How to setup Umbraco locally and on Azure

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When I first started toying with Umbraco. I had a lot of problems getting it setup right. But it’s actually pretty darn simple when you actually know how to handle all the hidden folders and files. Im going to be using Visual Studio 2015 as well as an Azure web app and database.

Getting your project up and running

So let’s fire up Visual Studio. Hit File -> New Project.

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Umbraco doesnt support .NET Core 1.0 (.NET 5) yet. So we create a ASP.NET Web Application using .NET 4.5.1 and select an Empty project.

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Now we are ready to add Umbraco to our project. We can use either the “Manage NuGet packages” or the Package Manager Console. We are going to be using the console window since that seems like the easiest way to go for a tutorial. The command we run is: Install-Package UmbracoCms

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When it’s done adding Umbraco to your project you’ll be greeted by a Readme.txt that says “Don’t forget to build!”… So let’s start by hitting F5 to start debugging. Building alone won’t do us any good really so we might as well run the project and get the configuration process going. You’ll be greeted by a popup asking you to either allow modification of the web.config file to enable debugging or running without debugging. In my experience it doesn’t really matter. You shouldn’t encounter any bugs for you too debug. So lets just hit Ok and get the process going.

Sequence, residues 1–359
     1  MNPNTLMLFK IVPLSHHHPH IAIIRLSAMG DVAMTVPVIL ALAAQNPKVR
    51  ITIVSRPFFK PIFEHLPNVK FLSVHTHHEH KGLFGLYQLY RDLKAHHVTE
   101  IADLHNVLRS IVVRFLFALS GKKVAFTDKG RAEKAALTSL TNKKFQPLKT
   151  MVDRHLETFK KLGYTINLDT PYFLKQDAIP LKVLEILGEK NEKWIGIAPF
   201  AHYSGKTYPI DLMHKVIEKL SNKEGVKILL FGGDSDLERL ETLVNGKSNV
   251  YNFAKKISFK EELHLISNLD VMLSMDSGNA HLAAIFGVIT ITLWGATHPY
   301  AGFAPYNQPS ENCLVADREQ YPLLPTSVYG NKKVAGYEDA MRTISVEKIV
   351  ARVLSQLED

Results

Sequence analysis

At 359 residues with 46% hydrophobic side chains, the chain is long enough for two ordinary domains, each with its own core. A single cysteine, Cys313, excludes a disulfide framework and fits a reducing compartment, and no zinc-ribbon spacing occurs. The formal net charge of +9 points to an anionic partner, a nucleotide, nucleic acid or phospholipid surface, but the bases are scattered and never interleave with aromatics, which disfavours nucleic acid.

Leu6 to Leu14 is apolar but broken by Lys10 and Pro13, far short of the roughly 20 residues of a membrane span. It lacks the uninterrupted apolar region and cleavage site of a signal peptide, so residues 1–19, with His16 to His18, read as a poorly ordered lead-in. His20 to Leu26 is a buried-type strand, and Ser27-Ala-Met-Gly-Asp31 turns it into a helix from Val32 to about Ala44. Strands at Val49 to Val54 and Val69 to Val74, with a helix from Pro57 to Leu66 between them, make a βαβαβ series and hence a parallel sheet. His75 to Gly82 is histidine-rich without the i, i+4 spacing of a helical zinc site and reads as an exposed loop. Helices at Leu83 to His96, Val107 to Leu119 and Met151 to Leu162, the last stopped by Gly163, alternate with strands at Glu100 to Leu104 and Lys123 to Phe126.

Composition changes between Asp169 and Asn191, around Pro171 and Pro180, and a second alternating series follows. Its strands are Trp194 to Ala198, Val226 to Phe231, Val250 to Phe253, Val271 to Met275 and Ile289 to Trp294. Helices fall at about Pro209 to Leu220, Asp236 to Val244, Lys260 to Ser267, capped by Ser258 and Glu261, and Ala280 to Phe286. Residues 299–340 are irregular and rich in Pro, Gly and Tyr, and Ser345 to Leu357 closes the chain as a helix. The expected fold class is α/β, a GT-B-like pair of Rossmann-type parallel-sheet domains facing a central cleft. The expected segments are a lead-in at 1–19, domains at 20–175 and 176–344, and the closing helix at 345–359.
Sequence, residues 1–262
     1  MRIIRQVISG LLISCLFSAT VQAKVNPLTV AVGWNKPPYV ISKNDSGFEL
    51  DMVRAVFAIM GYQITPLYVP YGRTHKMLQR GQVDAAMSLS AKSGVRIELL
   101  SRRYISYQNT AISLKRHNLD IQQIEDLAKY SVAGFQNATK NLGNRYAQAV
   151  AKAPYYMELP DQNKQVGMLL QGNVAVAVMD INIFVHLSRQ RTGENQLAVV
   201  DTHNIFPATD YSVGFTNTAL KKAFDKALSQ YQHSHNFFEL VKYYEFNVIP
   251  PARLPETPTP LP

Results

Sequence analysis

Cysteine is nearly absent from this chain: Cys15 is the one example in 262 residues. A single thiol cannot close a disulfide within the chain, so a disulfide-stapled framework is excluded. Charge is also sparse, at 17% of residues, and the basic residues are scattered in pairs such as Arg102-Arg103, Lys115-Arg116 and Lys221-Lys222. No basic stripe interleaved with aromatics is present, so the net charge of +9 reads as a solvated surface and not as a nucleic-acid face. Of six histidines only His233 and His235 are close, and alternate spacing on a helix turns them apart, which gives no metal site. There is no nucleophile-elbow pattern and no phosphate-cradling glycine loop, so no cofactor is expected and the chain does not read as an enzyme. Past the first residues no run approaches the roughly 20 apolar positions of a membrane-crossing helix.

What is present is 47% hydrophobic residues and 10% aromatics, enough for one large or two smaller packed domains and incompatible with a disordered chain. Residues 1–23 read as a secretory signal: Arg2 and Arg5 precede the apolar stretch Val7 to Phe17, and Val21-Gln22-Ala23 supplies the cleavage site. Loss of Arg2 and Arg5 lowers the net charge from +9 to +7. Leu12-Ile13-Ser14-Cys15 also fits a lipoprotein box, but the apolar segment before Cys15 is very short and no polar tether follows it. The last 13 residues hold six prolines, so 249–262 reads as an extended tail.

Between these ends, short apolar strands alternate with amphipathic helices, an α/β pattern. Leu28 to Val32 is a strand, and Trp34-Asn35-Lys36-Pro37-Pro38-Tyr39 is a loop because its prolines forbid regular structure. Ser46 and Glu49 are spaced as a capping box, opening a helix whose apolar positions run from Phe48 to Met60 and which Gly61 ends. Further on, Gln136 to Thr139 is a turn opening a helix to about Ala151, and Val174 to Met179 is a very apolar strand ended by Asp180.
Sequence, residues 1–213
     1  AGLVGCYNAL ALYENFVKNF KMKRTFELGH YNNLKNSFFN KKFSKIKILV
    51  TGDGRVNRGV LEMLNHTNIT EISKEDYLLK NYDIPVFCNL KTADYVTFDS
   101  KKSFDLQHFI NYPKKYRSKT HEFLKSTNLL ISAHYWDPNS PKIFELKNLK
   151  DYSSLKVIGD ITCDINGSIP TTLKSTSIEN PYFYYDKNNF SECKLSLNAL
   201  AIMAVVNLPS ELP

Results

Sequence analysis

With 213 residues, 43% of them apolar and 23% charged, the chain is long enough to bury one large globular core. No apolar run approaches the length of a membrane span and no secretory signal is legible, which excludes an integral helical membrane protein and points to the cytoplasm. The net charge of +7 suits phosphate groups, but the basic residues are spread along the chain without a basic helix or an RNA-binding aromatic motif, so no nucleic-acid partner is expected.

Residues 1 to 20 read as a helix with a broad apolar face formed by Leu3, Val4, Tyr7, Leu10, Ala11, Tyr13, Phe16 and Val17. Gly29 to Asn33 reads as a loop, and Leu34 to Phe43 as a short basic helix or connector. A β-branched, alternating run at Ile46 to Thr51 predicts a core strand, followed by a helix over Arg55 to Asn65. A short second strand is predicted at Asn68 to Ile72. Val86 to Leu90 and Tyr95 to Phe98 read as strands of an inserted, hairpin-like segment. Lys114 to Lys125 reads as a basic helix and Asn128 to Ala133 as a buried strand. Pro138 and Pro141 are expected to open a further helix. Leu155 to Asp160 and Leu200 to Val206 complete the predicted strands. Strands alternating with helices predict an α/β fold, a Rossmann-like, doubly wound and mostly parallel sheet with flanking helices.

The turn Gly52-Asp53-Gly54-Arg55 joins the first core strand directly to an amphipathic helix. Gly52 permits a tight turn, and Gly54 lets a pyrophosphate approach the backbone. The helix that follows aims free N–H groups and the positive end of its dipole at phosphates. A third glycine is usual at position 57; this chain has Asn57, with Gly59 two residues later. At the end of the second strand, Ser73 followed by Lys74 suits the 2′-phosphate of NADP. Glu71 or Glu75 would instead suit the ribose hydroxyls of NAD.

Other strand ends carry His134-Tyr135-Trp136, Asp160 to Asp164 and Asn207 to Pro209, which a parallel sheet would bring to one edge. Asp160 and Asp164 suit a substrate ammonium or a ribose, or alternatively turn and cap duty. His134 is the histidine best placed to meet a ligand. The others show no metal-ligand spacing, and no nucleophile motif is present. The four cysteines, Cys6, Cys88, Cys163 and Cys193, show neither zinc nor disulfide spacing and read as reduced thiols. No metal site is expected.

Hooking up too your Azure SQL database

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The above screen should open in your browser. It seems pretty easy right? Add your name, email and a password. Well what’s your default response after writing in your password? Hitting enter… I’ve made that mistake several times when setting up Umbraco. The reason why i don’t wanna hit enter after putting in my password, is because it will install with default settings. So if thats what you want go ahead. But in this tutorial we are going to setup Umbraco on Azure. So we might aswell do that right away, so go ahead and select Customize.

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We select Microsoft SQL Azure and enter our database and user information. When that’s done hit Continue and it should hopefully connect to your Azure database! If you encounter problems remember to add your client IP to your firewall settings on Azure.

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Almost done! Now you just gotta decide if you wanna install a starter kit or not. I’m going to be setting up a blog next, so I’ll hit No thanks and install without a starter kit.

Umbraco is now setting everything up on your machine and you’ll be shown what is called the “backoffice” in Umbraco. This is the CMS part of the system. For now we are going to leave this be and go back over to Visual Studio to deploy our application.

Deploying to Azure

One important thing to be aware off when first installing Umbraco, is that it adds a lot of hidden files that you might not notice at first.

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One of the mistakes I made when starting out with Umbraco, was to add all kinds of hidden folders and files to my solution and there by Git. Well don’t do that. Since we install through NuGet, the package will restore itself when another person pulls your solution from version control. The only things you wanna add to your solution and version control is files you either edit or add to the project.

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Before we deploy we do need to do one thing. We wanna delete the Umbraco->Install folder

When that is done we can go ahead and deploy our application to Azure. Right click on your project and select Publish.